Companies

PepsiCo India set to uncork the ‘good for you’ range

Meenakshi Verma Ambwani New Delhi | Updated on January 22, 2018 Published on November 24, 2015

SHIVAKUMAR, Chairman and CEO, PepsiCo India

Eyes premium variants to break the price barrier

Beverage and snacks major PepsiCo is hoping to break the price barrier with some of its premium products for the Indian market. It has been introducing new variants as well as premium products through the year to spur growth, at a time when the FMCG sector has been battling weak rural demand.

Said PepsiCo India Chairman and CEO D Shivakumar: “Aspirations and high quality products are something Indians are tapping into. This is opening up a huge potential in the premium segment in every category. With premium innovations, we are trying to break price barriers. Innovation is one way to unlock price points but at the same time premium products need to have accessible price points.”

Test marketing stage

“This year we have focused on putting out innovative products in the market, in order to spur growth and to keep our brands ticking. And our brands are doing well,” he told BusinessLine.

Among the new launches are Revive (under the 7UP brand), which is being test-marketed in Tamil Naidu and Kerala, Tropicana Slice Alphonso variant, Lay’s MAXX, Kurkure Butter Masti and Quaker Oats Plus.

“All these are in the test marketing stage, and, based on the results, we will roll them out across the country,” he added.

Asked if the company will also launch more low- and zero-calorie beverages, he said: “Our Chairman Indra Nooyi has labelled this as the ‘better for you, good for you and fun for you’ range and I think the proportion of this ‘good for you’ range will significantly increase over the next five years in India.”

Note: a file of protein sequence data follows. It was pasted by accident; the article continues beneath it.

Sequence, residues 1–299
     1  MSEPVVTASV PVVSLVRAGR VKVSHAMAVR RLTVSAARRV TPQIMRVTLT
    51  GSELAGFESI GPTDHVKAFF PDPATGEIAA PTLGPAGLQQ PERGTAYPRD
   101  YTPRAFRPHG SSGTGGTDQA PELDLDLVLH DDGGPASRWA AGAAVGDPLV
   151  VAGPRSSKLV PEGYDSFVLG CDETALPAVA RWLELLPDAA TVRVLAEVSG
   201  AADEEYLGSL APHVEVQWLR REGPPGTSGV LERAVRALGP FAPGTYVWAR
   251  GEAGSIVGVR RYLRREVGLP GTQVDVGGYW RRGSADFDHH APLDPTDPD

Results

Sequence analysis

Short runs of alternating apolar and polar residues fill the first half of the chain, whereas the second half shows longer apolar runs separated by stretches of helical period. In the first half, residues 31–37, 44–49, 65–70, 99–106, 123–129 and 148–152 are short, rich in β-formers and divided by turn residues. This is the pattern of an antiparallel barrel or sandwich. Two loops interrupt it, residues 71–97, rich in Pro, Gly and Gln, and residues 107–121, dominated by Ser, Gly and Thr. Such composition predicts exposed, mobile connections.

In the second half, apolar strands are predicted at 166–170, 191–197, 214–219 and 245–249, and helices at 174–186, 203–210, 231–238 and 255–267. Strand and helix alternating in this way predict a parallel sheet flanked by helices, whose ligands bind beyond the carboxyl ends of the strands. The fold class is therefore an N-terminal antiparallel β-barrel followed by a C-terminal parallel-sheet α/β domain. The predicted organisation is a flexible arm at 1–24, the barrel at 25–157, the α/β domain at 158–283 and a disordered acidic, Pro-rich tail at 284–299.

The company believes the recent approval for the use of natural sweeteners such as stevia will aid innovation in this area.

E-commerce boom

Shivakumar believes FMCG companies will need to think differently to tap into the e-commerce potential because of low price points and high distribution costs.

“FMCG companies can look at pushing multi-packs or multiple flavoured packs through the online channel. It will also be an important test-marketing platform for FMCG companies,” he added.

On the issue of product approval for non-standardised products, he said: “Industry bodies have got together and believe that the route forward is the ingredient approval system, not the product approval system. We as an industry have great faith in the FSSAI (Food Safety and Standards Authority of India).

“At the end of the day, we have to work together because whatever we do, consumer safety is paramount.”

Published on November 24, 2015
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